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Hammam Sousse, Tunisia

Meyer E.,University of Birmingham | Ricketts C.,University of Birmingham | Morgan N.V.,University of Birmingham | Morris M.R.,University of Birmingham | And 15 more authors.
American Journal of Human Genetics | Year: 2010

Proliferative vasculopathy and hydranencephaly-hydrocephaly syndrome (PVHH), also known as Fowler syndrome, is an autosomal-recessively inherited prenatal lethal disorder characterized by hydranencephaly; brain stem, basal ganglia, and spinal cord diffuse clastic ischemic lesions with calcifications; glomeruloid vasculopathy of the central nervous system and retinal vessels; and a fetal akinesia deformation sequence (FADS) with muscular neurogenic atrophy. To identify the molecular basis for Fowler syndrome, we performed autozygosity mapping studies in three consanguineous families. The results of SNP microarrays and microsatellite marker genotyping demonstrated linkage to chromosome 14q24.3. Direct sequencing of candidate genes within the target interval revealed five different germline mutations in FLVCR2 in five families with Fowler syndrome. FLVCR2 encodes a transmembrane transporter of the major facilitator superfamily (MFS) hypothesized to be involved in regulation of growth, calcium exchange, and homeostasis. This is the first gene to be associated with Fowler syndrome, and this finding provides a basis for further studies to elucidate the pathogenetic mechanisms and phenotypic spectrum of associated disorders. © 2010 The American Society of Human Genetics. Source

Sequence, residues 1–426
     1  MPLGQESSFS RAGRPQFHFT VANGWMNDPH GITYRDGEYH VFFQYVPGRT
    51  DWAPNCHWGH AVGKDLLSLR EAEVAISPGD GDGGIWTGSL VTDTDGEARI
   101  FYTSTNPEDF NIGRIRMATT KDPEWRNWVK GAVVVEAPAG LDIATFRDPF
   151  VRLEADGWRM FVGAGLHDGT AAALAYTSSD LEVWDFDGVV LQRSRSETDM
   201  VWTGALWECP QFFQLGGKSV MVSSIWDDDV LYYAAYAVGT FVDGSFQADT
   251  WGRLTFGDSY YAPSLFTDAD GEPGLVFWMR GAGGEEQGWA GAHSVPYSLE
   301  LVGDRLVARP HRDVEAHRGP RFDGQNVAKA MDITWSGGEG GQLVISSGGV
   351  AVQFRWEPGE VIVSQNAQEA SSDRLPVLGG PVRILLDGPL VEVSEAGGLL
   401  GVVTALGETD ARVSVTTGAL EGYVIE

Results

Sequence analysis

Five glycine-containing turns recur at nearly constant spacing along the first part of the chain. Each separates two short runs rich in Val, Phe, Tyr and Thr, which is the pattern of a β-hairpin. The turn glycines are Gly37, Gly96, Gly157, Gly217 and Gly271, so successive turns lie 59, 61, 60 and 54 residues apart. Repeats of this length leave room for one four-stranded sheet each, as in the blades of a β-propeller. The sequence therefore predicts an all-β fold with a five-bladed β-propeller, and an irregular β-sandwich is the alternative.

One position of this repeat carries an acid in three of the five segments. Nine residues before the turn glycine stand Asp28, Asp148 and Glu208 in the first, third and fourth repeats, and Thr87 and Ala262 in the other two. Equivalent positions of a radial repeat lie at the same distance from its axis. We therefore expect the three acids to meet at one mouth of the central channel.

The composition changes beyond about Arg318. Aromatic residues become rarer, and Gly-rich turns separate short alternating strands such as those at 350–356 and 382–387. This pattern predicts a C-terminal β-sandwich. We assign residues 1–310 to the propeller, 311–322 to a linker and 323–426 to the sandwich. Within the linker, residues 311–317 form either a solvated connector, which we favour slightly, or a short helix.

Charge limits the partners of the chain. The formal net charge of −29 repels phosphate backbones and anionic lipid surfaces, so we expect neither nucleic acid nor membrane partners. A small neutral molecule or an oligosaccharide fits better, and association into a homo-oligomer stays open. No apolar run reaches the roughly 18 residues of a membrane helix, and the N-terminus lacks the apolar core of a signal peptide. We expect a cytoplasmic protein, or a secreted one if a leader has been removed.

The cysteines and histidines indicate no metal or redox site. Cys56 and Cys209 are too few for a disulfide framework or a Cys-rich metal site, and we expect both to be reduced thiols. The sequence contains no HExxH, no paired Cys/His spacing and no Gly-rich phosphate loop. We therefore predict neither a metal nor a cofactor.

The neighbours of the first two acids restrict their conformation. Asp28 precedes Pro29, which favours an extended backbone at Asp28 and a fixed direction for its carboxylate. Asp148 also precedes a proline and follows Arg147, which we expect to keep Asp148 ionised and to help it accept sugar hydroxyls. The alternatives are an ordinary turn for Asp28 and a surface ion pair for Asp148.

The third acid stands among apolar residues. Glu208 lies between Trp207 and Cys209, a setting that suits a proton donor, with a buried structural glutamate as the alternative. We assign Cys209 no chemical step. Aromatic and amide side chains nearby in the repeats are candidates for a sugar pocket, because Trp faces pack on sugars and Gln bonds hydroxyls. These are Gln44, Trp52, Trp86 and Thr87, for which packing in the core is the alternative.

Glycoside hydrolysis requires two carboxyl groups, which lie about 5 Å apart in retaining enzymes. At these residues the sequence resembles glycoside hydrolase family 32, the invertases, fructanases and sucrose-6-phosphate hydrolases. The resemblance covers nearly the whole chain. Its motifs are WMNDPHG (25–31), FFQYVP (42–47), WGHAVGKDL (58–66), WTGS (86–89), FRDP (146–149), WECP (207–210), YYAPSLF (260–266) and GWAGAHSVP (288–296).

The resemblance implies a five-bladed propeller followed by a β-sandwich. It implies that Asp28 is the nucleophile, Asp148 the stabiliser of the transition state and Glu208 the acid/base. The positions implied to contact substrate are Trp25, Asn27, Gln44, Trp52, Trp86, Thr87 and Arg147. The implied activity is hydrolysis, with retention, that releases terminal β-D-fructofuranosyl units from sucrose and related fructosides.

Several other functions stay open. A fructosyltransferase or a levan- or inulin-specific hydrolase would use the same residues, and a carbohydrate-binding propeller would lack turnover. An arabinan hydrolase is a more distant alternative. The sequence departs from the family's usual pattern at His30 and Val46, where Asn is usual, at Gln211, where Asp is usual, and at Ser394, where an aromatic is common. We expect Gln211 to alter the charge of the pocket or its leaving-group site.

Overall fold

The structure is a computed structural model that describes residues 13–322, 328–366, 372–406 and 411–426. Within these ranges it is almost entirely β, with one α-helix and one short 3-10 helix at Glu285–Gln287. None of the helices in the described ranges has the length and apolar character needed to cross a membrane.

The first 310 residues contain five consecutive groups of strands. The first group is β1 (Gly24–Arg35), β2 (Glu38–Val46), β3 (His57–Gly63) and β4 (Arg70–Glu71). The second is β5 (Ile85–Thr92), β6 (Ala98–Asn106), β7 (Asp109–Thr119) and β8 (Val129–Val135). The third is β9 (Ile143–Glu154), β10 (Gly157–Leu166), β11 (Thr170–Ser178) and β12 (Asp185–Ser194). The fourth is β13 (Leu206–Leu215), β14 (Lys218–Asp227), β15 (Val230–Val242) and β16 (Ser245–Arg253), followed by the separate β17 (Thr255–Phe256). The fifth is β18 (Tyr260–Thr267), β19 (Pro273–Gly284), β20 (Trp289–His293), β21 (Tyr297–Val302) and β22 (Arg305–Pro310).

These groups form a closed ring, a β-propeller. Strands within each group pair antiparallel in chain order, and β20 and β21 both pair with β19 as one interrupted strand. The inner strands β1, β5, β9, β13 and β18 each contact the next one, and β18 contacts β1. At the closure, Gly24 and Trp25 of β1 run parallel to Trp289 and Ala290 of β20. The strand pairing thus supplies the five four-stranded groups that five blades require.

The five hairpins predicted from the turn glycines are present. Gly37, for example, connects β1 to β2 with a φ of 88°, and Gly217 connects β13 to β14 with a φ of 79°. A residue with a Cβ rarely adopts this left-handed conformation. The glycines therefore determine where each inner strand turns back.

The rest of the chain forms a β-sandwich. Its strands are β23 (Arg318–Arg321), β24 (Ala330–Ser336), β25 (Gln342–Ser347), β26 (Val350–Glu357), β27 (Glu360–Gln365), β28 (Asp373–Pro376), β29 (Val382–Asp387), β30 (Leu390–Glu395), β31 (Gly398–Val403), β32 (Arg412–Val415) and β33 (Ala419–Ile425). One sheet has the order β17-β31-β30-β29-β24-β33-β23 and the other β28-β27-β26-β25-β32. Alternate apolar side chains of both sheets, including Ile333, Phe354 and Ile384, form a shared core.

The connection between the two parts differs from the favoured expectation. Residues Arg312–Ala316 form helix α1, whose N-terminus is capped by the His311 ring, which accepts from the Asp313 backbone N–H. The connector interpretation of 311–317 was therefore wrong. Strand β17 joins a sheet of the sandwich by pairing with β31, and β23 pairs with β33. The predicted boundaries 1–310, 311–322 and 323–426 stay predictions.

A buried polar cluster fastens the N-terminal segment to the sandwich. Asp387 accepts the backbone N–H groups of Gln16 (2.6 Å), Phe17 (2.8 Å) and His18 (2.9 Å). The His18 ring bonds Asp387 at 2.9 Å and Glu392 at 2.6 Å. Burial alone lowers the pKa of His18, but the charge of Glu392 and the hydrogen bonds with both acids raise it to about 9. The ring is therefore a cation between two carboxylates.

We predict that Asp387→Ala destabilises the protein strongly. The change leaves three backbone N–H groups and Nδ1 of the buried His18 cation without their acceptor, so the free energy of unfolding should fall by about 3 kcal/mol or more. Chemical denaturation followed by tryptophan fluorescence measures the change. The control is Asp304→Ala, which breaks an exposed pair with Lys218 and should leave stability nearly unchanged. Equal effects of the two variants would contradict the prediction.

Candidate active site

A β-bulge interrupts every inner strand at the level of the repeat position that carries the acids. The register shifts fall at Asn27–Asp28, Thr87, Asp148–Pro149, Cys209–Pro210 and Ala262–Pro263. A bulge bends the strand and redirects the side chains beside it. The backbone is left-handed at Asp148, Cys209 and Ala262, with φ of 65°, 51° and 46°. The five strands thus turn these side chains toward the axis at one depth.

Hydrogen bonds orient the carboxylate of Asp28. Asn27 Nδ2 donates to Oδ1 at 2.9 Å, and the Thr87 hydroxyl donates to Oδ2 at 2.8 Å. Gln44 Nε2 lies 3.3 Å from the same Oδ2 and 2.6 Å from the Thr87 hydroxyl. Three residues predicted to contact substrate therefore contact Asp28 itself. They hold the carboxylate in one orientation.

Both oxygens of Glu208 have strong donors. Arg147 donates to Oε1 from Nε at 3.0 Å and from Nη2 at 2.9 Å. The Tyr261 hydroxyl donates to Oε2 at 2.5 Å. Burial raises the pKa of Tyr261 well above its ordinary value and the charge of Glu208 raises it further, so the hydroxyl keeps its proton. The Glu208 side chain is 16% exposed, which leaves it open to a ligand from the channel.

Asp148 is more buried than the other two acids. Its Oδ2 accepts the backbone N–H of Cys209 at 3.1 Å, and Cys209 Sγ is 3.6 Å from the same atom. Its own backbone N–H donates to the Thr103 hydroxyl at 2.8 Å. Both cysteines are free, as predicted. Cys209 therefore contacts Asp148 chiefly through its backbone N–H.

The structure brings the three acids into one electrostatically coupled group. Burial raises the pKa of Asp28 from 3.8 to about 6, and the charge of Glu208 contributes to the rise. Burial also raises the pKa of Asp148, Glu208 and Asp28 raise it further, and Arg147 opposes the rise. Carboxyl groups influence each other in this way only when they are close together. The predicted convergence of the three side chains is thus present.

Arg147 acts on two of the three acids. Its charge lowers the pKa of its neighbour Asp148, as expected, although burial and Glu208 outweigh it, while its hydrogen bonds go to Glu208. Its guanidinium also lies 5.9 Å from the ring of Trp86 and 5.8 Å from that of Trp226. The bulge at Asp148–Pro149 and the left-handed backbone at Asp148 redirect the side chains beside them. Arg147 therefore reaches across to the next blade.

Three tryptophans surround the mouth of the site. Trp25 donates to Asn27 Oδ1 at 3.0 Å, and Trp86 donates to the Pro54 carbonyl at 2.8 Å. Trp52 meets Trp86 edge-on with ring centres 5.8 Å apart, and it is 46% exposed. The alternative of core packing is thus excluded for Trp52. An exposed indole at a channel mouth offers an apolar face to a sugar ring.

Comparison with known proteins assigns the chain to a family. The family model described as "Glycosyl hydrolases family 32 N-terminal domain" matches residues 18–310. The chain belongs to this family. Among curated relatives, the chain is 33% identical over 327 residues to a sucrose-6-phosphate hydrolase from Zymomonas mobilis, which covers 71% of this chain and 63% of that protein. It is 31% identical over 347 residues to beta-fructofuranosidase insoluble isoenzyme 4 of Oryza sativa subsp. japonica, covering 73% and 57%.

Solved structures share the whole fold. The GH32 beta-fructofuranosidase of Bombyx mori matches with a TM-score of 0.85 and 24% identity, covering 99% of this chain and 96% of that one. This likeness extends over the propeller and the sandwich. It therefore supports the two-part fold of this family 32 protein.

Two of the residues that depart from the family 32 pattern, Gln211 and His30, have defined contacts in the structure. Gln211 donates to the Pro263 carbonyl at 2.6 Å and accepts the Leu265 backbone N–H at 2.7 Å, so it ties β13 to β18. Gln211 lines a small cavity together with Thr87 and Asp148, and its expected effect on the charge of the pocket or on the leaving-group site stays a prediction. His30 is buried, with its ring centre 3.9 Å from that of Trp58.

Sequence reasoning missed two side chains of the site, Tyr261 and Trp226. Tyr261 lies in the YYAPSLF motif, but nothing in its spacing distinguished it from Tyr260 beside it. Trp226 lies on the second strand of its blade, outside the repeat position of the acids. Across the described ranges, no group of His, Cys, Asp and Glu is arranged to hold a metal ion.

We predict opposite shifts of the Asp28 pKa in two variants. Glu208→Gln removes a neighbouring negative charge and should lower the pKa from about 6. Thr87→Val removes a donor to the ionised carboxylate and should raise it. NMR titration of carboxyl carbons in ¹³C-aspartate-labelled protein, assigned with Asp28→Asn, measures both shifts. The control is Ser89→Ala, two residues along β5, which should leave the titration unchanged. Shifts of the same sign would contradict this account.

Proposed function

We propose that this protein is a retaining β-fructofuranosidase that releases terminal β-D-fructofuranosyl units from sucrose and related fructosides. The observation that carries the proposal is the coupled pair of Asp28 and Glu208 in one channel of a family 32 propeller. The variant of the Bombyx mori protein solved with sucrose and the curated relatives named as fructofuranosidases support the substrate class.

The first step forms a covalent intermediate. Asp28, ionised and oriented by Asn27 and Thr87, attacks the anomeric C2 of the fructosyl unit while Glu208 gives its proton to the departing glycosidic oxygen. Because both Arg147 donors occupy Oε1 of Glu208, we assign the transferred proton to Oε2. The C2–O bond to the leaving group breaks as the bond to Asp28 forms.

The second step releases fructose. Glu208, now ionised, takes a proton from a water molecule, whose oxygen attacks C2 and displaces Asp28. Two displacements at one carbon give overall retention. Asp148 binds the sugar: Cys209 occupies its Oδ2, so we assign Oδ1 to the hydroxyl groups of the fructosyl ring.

Magdoud K.,University of Monastir | Dendana M.,University of Monastir | Herbepin V.,CHU de Saint Etienne | Hizem S.,University of Monastir | And 5 more authors.
Human Reproduction | Year: 2012

Background We investigated the association of vascular endothelial growth factor (VEGF) gene polymorphism with recurrent spontaneous miscarriage (RSM). Methods VEGF-2578C/A,-1154G/A,-634G/C, 936C/T single nucleotide polymorphisms (SNPs) were assessed in 304 RSM patients, and 371 age-and body mass index-matched control subjects using real-time PCR.RESULTSHigher minor allele frequency of-1154G/A (P < 0.001) and 936C/T (P < 0.001), but not-2578C/A (P 0.55) or-634G/C (P 0.87) SNPs, were seen in patients. Significant differences in the distribution of-1154G/A (P 0.006) and 936C/T (P 0.015), but not-2578C/A (P 0.473) or-634G/C (P 1.000) genotypes, were seen in cases compared with control women. Of the possible 16 VEGF haplotypes, 9 were found to be common, and were included. A significantly lower frequency of C G C C (P 0.008), and A G G C (P < 0.001) haplotypes, and a higher frequency C G C T (P 0.020), and C G T (P 0.004) haplotypes were seen in patients. Conclusions These results strongly support that VEGF polymorphisms, in particular-1154G/A and 936C/T, are significantly associated with RSM. Our results confirm, in the largest sample to date, previous works in other populations on VEGF polymorphism in RSM. © 2012 The Autho. Source


Noichri Y.,Biochemistry Laboratory | Chalghoum A.,Biochemistry Laboratory | Chkioua L.,Biochemistry Laboratory | Baudin B.,University Paris Est Creteil | And 3 more authors.
Diagnostic Pathology | Year: 2013